Hope Star from Hope, Arkansas on October 10, 1934 · Page 3
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Hope Star from Hope, Arkansas · Page 3

Hope, Arkansas
Issue Date:
Wednesday, October 10, 1934
Page 3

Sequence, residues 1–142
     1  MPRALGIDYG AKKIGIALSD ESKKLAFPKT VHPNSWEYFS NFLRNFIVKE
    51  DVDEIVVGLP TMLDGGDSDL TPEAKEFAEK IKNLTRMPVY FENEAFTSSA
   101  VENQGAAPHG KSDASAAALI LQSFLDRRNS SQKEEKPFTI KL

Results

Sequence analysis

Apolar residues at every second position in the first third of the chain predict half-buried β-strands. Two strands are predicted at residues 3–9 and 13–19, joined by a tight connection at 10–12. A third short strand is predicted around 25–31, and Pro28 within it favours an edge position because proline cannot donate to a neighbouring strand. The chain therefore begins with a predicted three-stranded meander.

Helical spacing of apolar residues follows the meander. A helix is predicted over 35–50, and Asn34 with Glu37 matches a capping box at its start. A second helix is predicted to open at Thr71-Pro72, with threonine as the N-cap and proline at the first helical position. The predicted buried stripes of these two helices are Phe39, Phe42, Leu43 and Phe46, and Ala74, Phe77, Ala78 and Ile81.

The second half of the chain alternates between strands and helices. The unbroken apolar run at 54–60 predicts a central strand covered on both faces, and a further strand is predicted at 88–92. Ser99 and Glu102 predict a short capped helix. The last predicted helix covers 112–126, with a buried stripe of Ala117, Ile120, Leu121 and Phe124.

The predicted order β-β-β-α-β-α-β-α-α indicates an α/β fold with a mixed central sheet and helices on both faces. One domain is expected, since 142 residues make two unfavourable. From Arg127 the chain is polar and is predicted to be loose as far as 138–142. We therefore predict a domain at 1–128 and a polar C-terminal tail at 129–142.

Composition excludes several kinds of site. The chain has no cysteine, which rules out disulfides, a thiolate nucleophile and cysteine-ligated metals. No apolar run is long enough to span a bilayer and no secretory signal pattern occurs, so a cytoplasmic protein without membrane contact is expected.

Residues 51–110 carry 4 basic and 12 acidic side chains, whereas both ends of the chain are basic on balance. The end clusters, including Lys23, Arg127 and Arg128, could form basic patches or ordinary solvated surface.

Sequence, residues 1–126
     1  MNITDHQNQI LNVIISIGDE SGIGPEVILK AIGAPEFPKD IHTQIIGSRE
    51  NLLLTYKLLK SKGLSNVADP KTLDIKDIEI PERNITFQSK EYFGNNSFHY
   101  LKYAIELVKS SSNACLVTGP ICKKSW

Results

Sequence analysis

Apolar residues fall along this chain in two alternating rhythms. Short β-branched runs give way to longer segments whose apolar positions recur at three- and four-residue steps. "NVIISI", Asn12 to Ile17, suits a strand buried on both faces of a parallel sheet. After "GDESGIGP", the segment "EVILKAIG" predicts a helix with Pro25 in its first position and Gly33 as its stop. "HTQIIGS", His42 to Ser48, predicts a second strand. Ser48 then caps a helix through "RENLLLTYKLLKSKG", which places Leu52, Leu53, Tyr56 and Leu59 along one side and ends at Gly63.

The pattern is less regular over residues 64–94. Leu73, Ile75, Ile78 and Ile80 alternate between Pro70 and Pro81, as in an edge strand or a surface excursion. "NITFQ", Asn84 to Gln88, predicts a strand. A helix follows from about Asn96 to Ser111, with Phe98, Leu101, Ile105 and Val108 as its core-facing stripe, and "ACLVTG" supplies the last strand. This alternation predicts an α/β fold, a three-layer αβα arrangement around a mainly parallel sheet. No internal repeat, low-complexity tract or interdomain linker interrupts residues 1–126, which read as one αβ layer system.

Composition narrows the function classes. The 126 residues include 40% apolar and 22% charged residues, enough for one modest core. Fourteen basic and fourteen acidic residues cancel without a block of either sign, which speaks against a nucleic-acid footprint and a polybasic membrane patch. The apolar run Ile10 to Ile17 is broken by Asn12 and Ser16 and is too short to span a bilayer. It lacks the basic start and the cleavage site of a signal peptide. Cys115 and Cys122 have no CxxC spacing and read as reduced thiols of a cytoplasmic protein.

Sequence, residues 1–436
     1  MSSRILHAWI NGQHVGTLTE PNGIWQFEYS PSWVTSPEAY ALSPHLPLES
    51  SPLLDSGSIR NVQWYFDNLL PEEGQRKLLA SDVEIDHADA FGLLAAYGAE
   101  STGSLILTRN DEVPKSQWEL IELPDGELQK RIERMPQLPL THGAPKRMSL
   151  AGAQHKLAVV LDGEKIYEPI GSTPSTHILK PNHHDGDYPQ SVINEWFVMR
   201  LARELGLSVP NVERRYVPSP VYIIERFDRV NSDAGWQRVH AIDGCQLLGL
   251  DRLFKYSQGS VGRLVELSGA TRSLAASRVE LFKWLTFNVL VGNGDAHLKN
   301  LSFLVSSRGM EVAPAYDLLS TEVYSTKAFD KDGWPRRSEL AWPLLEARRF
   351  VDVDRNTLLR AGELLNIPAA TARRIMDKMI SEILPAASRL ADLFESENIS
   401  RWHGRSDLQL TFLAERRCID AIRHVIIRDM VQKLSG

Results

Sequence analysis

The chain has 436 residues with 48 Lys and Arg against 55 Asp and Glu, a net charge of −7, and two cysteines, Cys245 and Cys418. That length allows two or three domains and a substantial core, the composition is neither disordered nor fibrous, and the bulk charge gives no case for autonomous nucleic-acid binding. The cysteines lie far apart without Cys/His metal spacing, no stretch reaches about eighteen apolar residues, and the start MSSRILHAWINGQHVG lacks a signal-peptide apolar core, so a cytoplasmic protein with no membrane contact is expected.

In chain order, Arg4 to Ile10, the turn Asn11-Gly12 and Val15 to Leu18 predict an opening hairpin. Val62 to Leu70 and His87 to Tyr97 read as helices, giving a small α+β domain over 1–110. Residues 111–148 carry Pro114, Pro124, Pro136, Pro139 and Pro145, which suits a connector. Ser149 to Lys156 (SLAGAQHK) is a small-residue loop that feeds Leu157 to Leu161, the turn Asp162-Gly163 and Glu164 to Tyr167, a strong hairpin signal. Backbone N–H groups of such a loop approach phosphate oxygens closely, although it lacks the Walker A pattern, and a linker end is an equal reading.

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- ti ednesday, October 10, 1 HOPE STAR, HOPE, 'ARKANSAS •- - • ; Flowers 'i Hpnke full well, in language-qunln nnd old, One who dwollelh by the cnntle Rhine, When he called the flowers, so blu nnd golden, Slors, that in earth's firmament tl shine. Wondrous truths, nnd manifold wcnclrous, God hath writen in those stars above But not less in the bright flower under us Stands the revelation of his love. Bright nnd glorious is that revelation Written nil over this grent world o ours; Making evident our own creation, In these stars of earth, these goldoj flowers.—H. W. L. This is the scasrtn for the Japanese sunflower, nnd its first cousin the orange cosmos, ;md these bonutifu autumn flowers are making gren splashes of color in o number of yards in our city nt this time, reminding the writer thut it is an opportune time lo hind Ihis column, with the above benutfful poem as expressed by one o America's best loved poets, Hcnrv W Longfellow. The motorist may drive most any street in the residence district and catch glimpses of these glorious flowers thnt seem to have caught the very rays'of the sun foi their golden message to us, "That in all places, and in all sonsons, Flowers expand their light and soul- like wings, I Teaching us, by most persuasive reasons, How tikin they nrc lo human beings." o The Senior-High P. T. A. will hold their October meeting Thursday after- neon at 3 o'clock ;it the- high school. This is an important meeting and the president requests that nil members he present with n well sharpened i>en- cil and one sheet of paper. The Fridny Music Club will open their club year Friday, October 12 at 3:30 by observing. "President's Day" in the home of Mrs. L. A. Foster, with Mrs. Dickson Watkins as hostess. The Choral club has been divided into two groups with Mrs. A. C. Kolb nnd Mrs. Dickson Watkins ns captains. The records stnrt Friday afternoon when the club will hold its first official practice at 2:30 with Mrs. J. C. Cnrlton, East Third street. The Sunshine class in the Young People's Department of the First Baptist church met at the church. Monday night at 7 o'clock for their reg- ulur business meeting. New officers were elected ut follows: Teacher, Mrs. Chas. Routon Jr.; president, Miss Minelou Owens; enlargement, fellow-, ship and publicity chairman, Mrs Clyde Coffe-e; ministries, missions nnc stewardship chairman, Miss Margaret ;. cpcromry treasurer. Miss Alice KTne Waddle. District No. .1 conference of thf Business & Prnfpc.sjonnl Women's club WHS in session Saturday nnd Sunday nt Hold Barlow. The dinner Eiiturday nlehl was in charge nt Mrs. Charlotte Bruggemnn, president of the Texarknnn club. The theme of the progrnrn was: "Planning. Our Lives." The Hope club in charge of the breakfast meeting, used as a topic, "Leisure nnd Is Uses," with members cf the club taking part in the discussion, with Mrs. Henry Hnyncs talking on ''The Use of Hooks." The Sunday luncheon WHS planned by the Hot Springs club, with Miss Jessie Neilson presiding. A round table discus-, sion wos held, with each club taking part. Mrs. Hazel Dnbney, state president spoke on "Our Responsibility In Meeting the New Deal." Other stole officers present, included Miss Margaret Bishop of Pine Bluff, second vice president, and Miss Ileen Morris, Little Rock, state {recording secre- ;nry. The Junior R. A., Mrs. Hugh Jones, counselor, met nt the First Baptist church Monday afternoon nt 4 and elected the following officers: Am- iu\ssador-ln-chief, Wilton Jewell; forest assistant umbussadcf, Raymond Bright: second assistant, Edwin Dosett; chapter scribe, Ira Yocom; captain steward, John Britt; leader of he gold, Billy Taylor; lender of the jluc, Dean Stcadman. Much to the delight of their many riends, Mrs. W. W. Johnson nnd Mi's. Xda Swicegood, who have spent the past few years on the fnrrn. Fair Acres, near Nashville, nrc returning to he city, nnd will he nt home in the Mntt Galst|r apartment, on North lervey street. Mrs. Chns. Shiver nnd Mrs. Ella Frue-U of Little Rock were Tuesday ;ucsts of Mrs. M. E. Anderson, Mr. nnd Mrs. Wade -Twitty who wore veek-cnd guests of Mr. and Mrs. •Yank Hutchens and family have re- irned to their home in Bradley. The Clara Lowlhorp chapter, Chil- ren of the Confederacy, will meet at o'clock, Thursday afternoon at the ome of Miss Martha Houston on orth Pine street. Mrs. John C. Williams, wife of Dr. ohn C. William.?, pastor pf the Prcs- yteriun church of Washington pass- d on at her home in Washington on ucsdny and will be buried in Prcsott: at 3 o'clock, Wednesday afler- "I'm not racing officer . . . just in a hurry to get a seat at "BANK NIGHT" down at the— IT'S "BANK NI6HT" —and we have a good program headed by— DAMON RUNYON'S £>R PKII LCI TRACY HILIN MACK A ro><m»ml n THUR. & FRI. Matiuee Tlmr. 15c Mere's one of those guy and tuneful GREATER SHOW SEASON'S musical hits. The October meeting of the Oglcsby P. T. A. was held on Tuesday afternoon at the Oglesby school with 51 members responding to the roll call. Interesting talks were made by Mrs. ^. F. McFaddin, Mrs. Hatley White. Mrs. Finley Ward and Miss Doris Moses, the president's message was read by Mrs. A. B. Patten. During the business period conducted by Mrs. D. L. Bush, the association decided to sponsor a rummage sale for Saturday, October 13, to be held on second street in front of the store formerly cccupied by Keith's Jewelry store. In the count of mothers present, the dollar went to Miss Frances Patterson's room. From the Wednesday Texarkana Gazette: National laurels are being brought to Emma Wilson Emery of Shrcveport, her lyrics being featured on four different programs over NBC network. Mrs. Emery's poems are to 0 heard over the "Tony Wons hour," 'Farm and Home hour," Words and music from the Chicago studio, and en the "Cheerio" program broadcast :rom the New York studio. Three of ie-r unpublished songs will be broadcast by NBC orchestra from College nn night club, Chicago, during the all. Tiiey are: "Cotton Field Dream," a negro song; "Indian Elegy" an Indian song and "Golden Moon," a love song. Music for the lyrics of Mrs. Smery is composed by Mrs. Lillian Carrigan Routon of Hope, nnd the crfhestrntion is by Richard Colo. The ''arm and; Home hour will feature a special program of her patriotic joems on Armistice elay. Mrs. Emery has a largo number of Texarkana triends, having visited her on num- berous occasions and at one time- was here for the presentation of a special program of her lyrics by pupils of Mrs. Helen Ruffin Marshall, accompanied by Mrs. Routon. It has been possible to take out patents on plants since 1930. The first plant on which a patent WHS isssucd was u Van Fleet rose. Cardinals to Keep Frisch and Deans Owner Ridicules Report He Intends to Sell Ball Club ST. LOUIS, Mo. - (/p) - Frankie Frisch, ns everyone- who gave it a thought suspeclcd all along, will mah- uge the St. Louis Cardlnnls, new worlel rhnmpion.", again in li)35. While the job always hnS been regarded as safe for the old Fordhnm flash, official word from the head man of the front office wns not forthcoming until Tuesday. "I think Frisch is n grent manager," President Sam Breadon said in Detroit. "I think he has ;i grent deal Of courage and thtit is the kind of man I want to hundle my ball club. I have not talked terms, but he will handle the club next season." Asked about the current crop of. rumors concerning the sale of the club, Breadon suid he had received no offers, had made no overtures to any- .nie, and that nt present did not consider n snlc of the team. "If somebody would come along and , offer me nn ntractive price for my foldings, naturally I would sell," he i idclcd. "But nobody has. I'm not tired )f baseball. I like the game and watit .o continue in it." Although he phrased it different!} Breadon indicated he expected sign ing his slar hurlers, Jerome Herma ("Dizzy") and Paul ("Daffy") Dean t 1935 contracts would be just n breeze "I don't know when I'll sign thei for the 1935 season." he said. "All cnn say is that it will be taken up i due course. It will be our job to sign them and we'll do it." Breadon said he had given n thought to bonuses for the Deans, wh between them won 49 games in th National League and pitched all fou of the Cardinals' victories over De troit in the world series. Ho said flntly thnt fines assesse against Diz/y and Daffy for infrac lions of the rules some time ago woul< not be refunded. Frisch wouldn't stand for it,' 'h commented. s a Winner $5,941 Series Cut for Each Cardinal The Tigers Get $4,313 Apiece—Other Clubs Also Share DEROIT, Mich.— (/P) -The world';, championship St. Louis Cardinals wil receive $5,941.19 each as their share of the world series receipts while each of the vanquished Detroit Tigers wil jet $4,313.DO. The shares include receipts from the radio rights, sold to the Ford Motor company for $100,000 The Cardinals split their receipts 25 ways; the Tigers divided theirs ,into 23 shares. The Cardinals also votee 53.000 in donations to club attendants cutting their actual shares to $5,821.19 each. For the four games in which the players shared, the total player poo! was $21)9,785.69 from the gate receipts. The pool was increased $51,000 by radio receipts. The commissioner received $15,000 from the radio, swelling his .share to $169,711.15. Each league and each club received $144.238.57 from the gate and $8,500 each from the radio or a grand total of $152,739.57 each. Other shares, including radio receipts, to major league teams finishing from second to fourth follows: New York Giants and Yankees 525,808.92. Chicago Cub and Cleveland Indians $15,205.90 each. Boston Braves and Boston Red Sox $8,283.00 each. Bad Laws Hamper Farm Credit Plan W. I. Myers, Administrator, Speaks at Little Rock A.&P. Co;0bserves 75th Anniversary J. T. Patten, Oldest Em- ploye in U. S., Started in 1870's "The r«l wagon trail blazed by horse-drown wagons through the hub- tlccp mud of the highways of the last half of the 1800's pioneered the way for the modem system of food' distribution/' declares J. T. Palten, oldest living member of The Great Atlantic & Pacific Tea Company organization, which .is celebrating itsi 75th anniversary this month. "Horses, though rarely given credit, played as Important a part in the development of modern food distribution as they did in settling the West," PETEfc, 11-YE ARNOLD (Corttinued from Page One) Mr. Patten stated. "In the 1870's when the grocery business," •With a face pretty enough to win most beauty contests, Marion Hoemsath was selected because of the shapeliness of her back. Sh<? Is one oC the prize winners In the national beauty contest held in New York. "Caravan," Music Show, at Saenger 7 «_/ Loretta Young, Jean Parker and Phillips Holmes in Cast One of the most brilliant screen productions seen here in many months opens Thursday at the Saenger theater. This is the unique and lavish musical spectacle, "Caravan," feature ng Loretta Young. Outstanding is Charell's first film effort in Hollywood "Caravan" should insure a long and distinguished career for this gifted producer-director n America,,.His initial production for Tox cofbines splendor of setting and a lavishness unusual in sound films with subtle comedy and sparkling dialogue. The sweeping exteriors of 'Caravan" are matched in effectiveness only by the delightful interludes of intimate comedy. Perhaps topping all other features of this production are the amazing ne wtechnique and the unique use of misic that stirs you with its rhythmic, swing. The music, especially :omposed for the film by Werner lichard Heymann. servos to acconi- iany and point the action. OutsUind- ng are such song numbers as the Wine Song," ',Ha-e/ha-cha" and Happy, I Ani Happy." A brilliant cast performs this ro- nantic love story of the Tokay wine larvest. Charles Bayer, continental lar, appears as a dashing Gypsy mu- ician and Loretta Young is a gay ountess. Other principals are Jean 'arker, Phillips Holmes and Louise azenda. continued, "transportation wasn't as good as it is now. / Many of our customers could not get to the stores for their supplies. But then as now, cur company believes that large volume of business results in reduced prices. This volume was obtained by moil, end by sending supplies to outlying customers in these little red, horse-drawn 1 wagons. "The routes of these wagons rad- atttd from the stores in the cities' like _the spokes in a wheel. Each wagon would start off loaded, delivering the leo and coffee ordered a week before, taking the orders for the week after from the housewives along the route. These early A & P wagon routes, of course, had to struggle through knee- deep mud and snow, ford streams; fight their way through. But they were welcome when they arrived, for they not only brought these groceries at low prices, which was an innovation in those days, but also news of the outside world and gossip of the neighborhood. They also brought « gift for each customer, a colored chromo, a piece of china or bric-a- brac. Many of these pieces are still priy.ed possessions of their owners. "The idea was quite successful. I remember thnt in 189G when. Uncle £am established the rural free delivery, we used to say he was copying our system of 'rural food delivery' for we had 1500 wagons at that time. "People began to ask these wagons lo carry other foods. Soon the lists of foods that customers wanted were greater than any wagon could carry, even with the improved roads that were being built at the end of the first decade of this century. "But .by this time other means of transportation had developed. Cities had grown, and the wagon routes had built up trade to the point where it, was possible to open little grocery stores in almost every town, in fact in almost every neighborhood. "But for a long time after that the horse-drawn truck with its beautiful Percheron beasts was more economical than the motor truck for city deliveries, long after the auto became a practical vehicle/, for transportation. . "When the 'first funny-looking horseless carriages passed my store, 1 had no more idea than anybody else that I would live to see ridiculous gasoline buggies make the world an entirely different place to live in," Mr. Patten concluded. "In a way I was sorry to see those hundreds of fine horses we used to have go, .but I suppose they would be uneconomical in the world now." plane or at least a motorcycle for hi;, birthday, the boy is reported to have said wistfully: "You see, it will be so much more fun when I'm grown up, because then I can do just whnt I wanl, like papa does—shoot, and sail, and fly." Thanksgiving service. 1 ; were held In •ai! Yugoslav churches, soldiers marched through the streets, nnd .princes and princesses joined , Peter , in his birthday celebration. Then the boy prepared for his English education. He arrived in London three weeks ago accompanied by an English tutor, C. C. Parrott, whose only statement to inquirers was, " lam sorry, I csn't tell you anything. I've been commanded not to say anything." Balkan "Powder House" PARIS, France—(/P)—Bullets of an assassin again have aroused fears for peace in the Balkan "powder house" I started in 20 years after the Sarajevo slaying Mr. Patten plunged the world into the great war, but this time, diplomats see no immediate cause for war such as brough 27 nations into the world conflict. However, fear now is expressed that the cneequences of the double assassination of King Alexander of Yugo-slavia'and French Foreign Minister Louis Barthou may. disturb the balance and create a 'new reason for hatred to flame Into war. Bathou's dream 'of assuring Europe's peace by reconciling,the king with France's 72-year-old marthyrd foreign minister. The Balkans in 1914 exploded under pressure of Germanic ambitions. The Treaty of Versailles, carving new nations out of the old empire of Austria - Hungary, sought peace through independence peoples ane the destruction of the empire, but' at the same time harassed statesmen with new worries in an immensely more complicated situation. Balkan Power Important Roughly, France, and her entente cordiale, and Germany, with her triple alliance, were two great factors on the continent, while Great Britain held the traditional balance of power. Today, 20 years after, France and Germany again seek to hold or extend their power, while Mussolini has risen to a commanding position and the Balkans are more Balkanic than ever. The three Little Eentente powers, Yugoslavia, Rumania and Czechoslovakia, have formed a close working « subordination of "the smaller who Jook to Franc€'for both guidance and protection. -. .. The Russian non-aggre.sslon brought some hope to sorrie and criticism from others. ThG France-Polish military pact was believed by France to give her a good hold .or) that new peace treaty country. The Polish- German non-aggression pact, however, made without French knowledge showed that Pilstidski Was .•; throwing off the yoke. The French-Belgian alliance held, but even Belgium grew cooler toward France as the world economic col- pe caused every nation to seek its own salvation. '" ' The last puct was the Balkan accord whereby Rumania, Greece, Yugo- sfaviu and Turkey agreed to guaran- ec each other's frontiers. Barthou, meanwhile, was-the first Drench foreign minister to-go to Warsaw to try to bring Poland back into he fold. He traveled, through the -.itlle Entente and invHed Alexander und King Carol to come to Paris as a public acknowledgment of good rela- .ionship. All of the pattern was designed by 3ar.thou as European pacification work first planned as the "Eastern Jocarno" accord, including Russia, which Germany promptly rejected. Singing at Patmos A community singing will be held Sunday at Patmos Baptist church, itarting at 1:30 p. m. All-singers and overs of Gospel songs are invited to ttend. • Relieve* Headache Due To ConstipatUm "thedforffs Bladc-DraUght " " been used in ftiy famfly for writes Mrs, J. .A. Higfatww-„, Carthage, Texas, "I tefce it tar tick headache that comes frbth «*fiaS pation. When I fed a hfeaMblw coming on, I take a dose «I Black- > Draught. It acts and my bead get* easy. Before I knew of Bteck- Draught, I would suffer two,,flt- three days—but not any mortiUl&e I have used IJlftck-DraughE. Thcdforfl's BLACK»0BAtKlHI Partly Vtfttable I/n»tlT»,^ "C1PLDBEN MKg IHE,8FIK»> , BROKER'S LETTER (Continued from Page One) The edible part of the mushroom is only the fruit; the true- plant is below the ground and requires months in developing. Just Received Henderson Corsets and Brassieres THE GIFT SHOP Phone 252 WHAT ? Did Mickey Mouse Say to Minnie Mouse WATCH THE PAPER LITTLE TiOCK—The government's credit program is farther behirld in Arkansas than in most states, ''due to factors over which you and we have no control," William I. Myers, governor of the Farm Credit Administration told 400 business men and agricultural leaders at a banquet here Tuesday night. "Nevertheless," he said, "the Farm Credit Administration holds a larger percentage of the farm mortgage dehtj of Arkansas than of any other state in' the union. It holds 36 per cent in Arkansas, as compared, for example, wilh 22 per cent in Illinois and 17 per crMl in Missouri." To a reporter Governor Myers en- Uii'ycd on his reference to "factors ever which you and we have no control," listing the following: 1. Sink- laws later declared unconstitutional. 2. Delinquent drainage districts. 3. Tax situation—prior claims on farm land—roads, schools and the like. 4. Flood hazards in some areas, such as proposed spillways. 5. Declining water in some of the irrigated areas. Governor Myers made it clear that: The Farm Credit Administration is a business organization, spending little 1 or no federal funds, but standing on its own feet. It is a co-operative system, in that every borrower must invest five per cent of hi.s loan in sloe-k of the agency he' borrows from mid thuu acquires u personal interest in its continuance und a voice- in its management. The FCA seeks to extend tesms of credit suitable to the needs of the agricultural industry in the form of amortized loans ''thut never come 1 clue," and loans that can be met from production of the industry. ("You eun't shorten the processes of nature," he explained in this con- ue'ilion. "No one sas yet discovered resident in J929-31 of Halsey Stuart Company and a director of the orporatioit Securities Company of hicago. As read to the jwy it said: Letter in Part "In connection with the new company I told my brother this morning in my opinion I thought we would make a great mistake in listing either the preferred or the common stoc on any exchange. It will always b an easy matter to list it later if we de sire to do so but it will be very dif ficult to ever get it off any exchange "I do not know how Goldman-Sach and the rest of them get by the blu sky law. But certainly there must l> some answer to it. Even though we have to slay out of some of the state: I cannot see that it makes a great dea of difference. "Isn't there some way we can sel in the state of Illinois on the l>asb that a purchaser accepted it knowing that it has not been qualified. If we cannot do it this way would it not be possible to make all confirmations from New York city and 'm this way uould we not get around the Illinois blue sky laws? "In my opinion, the minute we disclose the assets of the company it will, in great measure, defeat the purpose of the whole thing. "My brother is in favor of not listing any place, if there- is any way around it. It is my understanding thut in listing on the curb we do not have to disclose nil of the assets at any time. Another possibility of listing down here would be the produce exchange. "What about the requirements of the curb market in Chicago 1 ;" Relief Workers to Hold Barbecue 200 of Them Plan Outdoor Dinner Thursday at Fair Park Hetnpstead county relief workers, their wives and children, will observe Thursday as a scrt of "Thanksgiving." A big barbecue dinner is planned at Fair Park in, which more than 200 persons are expected to participate. The fetist lias been arranged by the union, to preserve their frontier^ bas ed on the treaty of Versailles, while Austria and Hungary, newer and smaller, are in a constant state of ferment because of poverty or a de- Erie "to regain their old territory. France defeated German, attempts to effect an alliance with Austria, but the Austrian Nazi movement, revolutionary outbreaks and the assassinar ticn of Chancellor Englebert Dollfuss showed that defeat of the Austro-German union failed to bring peace. Germany, Italy, Busy France since-the war has tried to strengthen the Little Entente and engineer a peaceful working agreement • between them and other small na tions. Reichsfuehrer Hitler and Muss olini both have been busy. Hitler proclaimed that German people, whever found, should belong to Germany. II Duce, with strong Black Shirt discipline a large army, Air Corps and modern navy, remained in strained relation with France, while he sought to gain the friendship of Austria, Hungary, Greece and Turkey. Mussolini won Bulgaria by seating Princess Giovanna on the throne beside King Boris. Yugoslavia, Ita]|yjs neighbor, inherited the old Austrian-Italian hostility born of Austria's invasion of Italian provinces. War between the two nations often appeared • dangerously near, and threatened only recently when Mussolini massed troops on Austria's border after the assassination of Dollfuss. Alexander then announced U the Italians moved in to preserve peace, he would also, and the French government thought war might follow any such double occupation. Planned Master Stroke Barthou intended a -master stroke. It would be to bring together Italy a|nd Yugoslavia so both nations would workers, each chipping in with a refrain from complicating the situa- small amount of their savings to pur chase meat and other foods to b served. Hope- merchants contributed to thi cause, giving small donations to pur chase food. The barbecue is to b served at noon Thursday. a way to prodocc a two-ycui'-old mile iji less than 24 months.") Tiie FCA seeks to extend credit at the lowest possible cost consistent with sound business practices. It wants to supplement and not f;up- plunt existing credit agencies. It wants to provide a dependable source of credit for agriculture, a soui'ct' not dependent "upon th e whims of depositors." Ozark Farmer Dies in Flaming Home Ray Hobbs Burned to Death, 8 Escape, Near Rogers, Ark. ROGERS, Ark.— \fP) —Ray Hobbs 29, was burned to death in Ihe destruction of a farm house near here Tuesday night, and eight other occupants of the residence narrowly escaped. The occupants were aroused just Before the roof and second story col- apsed. Hobbs was trapped in an upstairs room. The origin of the fire was undetermined. President Roosevelt chuckled at this one: A Sunday school teacher said, "Now, s there any little boy or girl who n tell us the name of our Savior?" "P. D. R.!" shouted an uncouipro;)!- ixg urchin. "Come, come," said the teacher, think hard." "Franklin D. Roosevelt," volunteer- d lhe> second in line. "Now, children, after all ' the eacher began. "Franklin Delano Roosevelt," corrected the third. tio, and join in a new accord to guar- lee Austrian independence against supposed German ambition, and enable the Balkans at the same time to form an economic union lowering the tariff walls among themselves without encroachment of the big powers. This project followed a dozen pro- pcsed "peace" treaties since the war. Lacarno was supposed to prevent^ French and German conflict. Musso lini's illstarred four, power pact wa intended to enable Italy, France, Ger many and England to supervis Europe to keep peace in the conti nental family. But France was amoix the first objectors, forseeing too grea growth of Italian power, and too gr ea PROSECUTOR IS PUT (Continued from Page One) "Children!" the teacher expostulated. Whereupon the proverbial little Percy rose: "Te-acher, it's Jesus." Chorus: "Yeah, lookit 'im, the dog- Bane Republican!" anil Mr. Williamson was bitterly fought and the result extremely close On ihe face of the returns, Judge 3one was nominated by a small ma- ority. Mr. Williamson filed a contest nit lost in circuit court. "I shall not submit lo the demands of this gang of crown princes who decreed in a dark room that I must be destroyed and ruined because I as- erted my American rights and sup»rte>d Hugh Williamson for circuit udge to succeed Marcos Bone," said Ir. Richardson's statement. "If an ndictment is to be the result of such ghts, I say to them: 'Make the most f it, for I intend to fight until right nd justice shall be done in order that the whole truth sliall be known to the people, not only of my district but to the people of the state.' " CLINICAL MEETING (Continued from Page One) an informal dinner at the Arlington hotel. The conference committee also stated there would be many lectures,' dtinonstrations and clinics on medical and surgical subjects of special interest to general practitioners. Old Shoes Made New —at— Parson's Shoe Shop • 111 South Main . Phone 157 • We call;for and deliver. ONE CENT SALE Per manen ts Z For $4.51 . Call 287 for Appointment Mary's Beauty Shop Guaranteed Typewriter Repair Service O. W. MILLS 218 So. Walnut Phone 36 AVOID A > MfcNT. Have tis fisd-, vide COMPLETE Public,Liability .In') surance for yonrt»r. 3 ROY ANDERSON L(0 COMPL £Tf INSVRflNCF S[R Vli f PHONE 610 HOPE, ARK fJj , New Coat SM 'v ; i- i Just received cottiplete line of new winter Sport' Goats. Popular ' Ladies/ Specialty Shop \ "Excusive But Not Expensive*, DON'T SCRATCH ? • Use Prescription''' 200,000 Destroys all germs of -scabies or : parasitic ITCH, t " JOHN S. Drug Company * , . "The .EEXALL fittoW" ^ Phone 63 Hope, Ark. • Established 1885 elson-Huckins Pillows Properly Laundered and Sterilized—Each ............. | PHONE 8 THE WISE OlD OWL USEESSOLENEANO YOUWJILSEE WHATS MEANT BY FUEL ECONOMY.' SMOOTHER PERFORMANCE ESSO SERVICE STATION Third and L. & A. Tracks Phone 6S sensatioridl hosiery V^lXtey'Rcciular . 41SS yalfie Thrilling ... isn't it! To be able to get these exquisite chiffons (regular $1.00 values) for only S9c. Not as a special, but as a regular offering at our store! A value made possible by our combined and exclusive buying power Come in. see these beauties and note those features that make tor extra wear and value! *Rin B le«andCI«, *Rur S ,o P C.r«THemv '* Inner TOM anJ Heeli » Dainty UctTvpi »> »n*iTt»»i Weight ChlHon. HITTS Brown bilt Shoe Store Hope, Ark.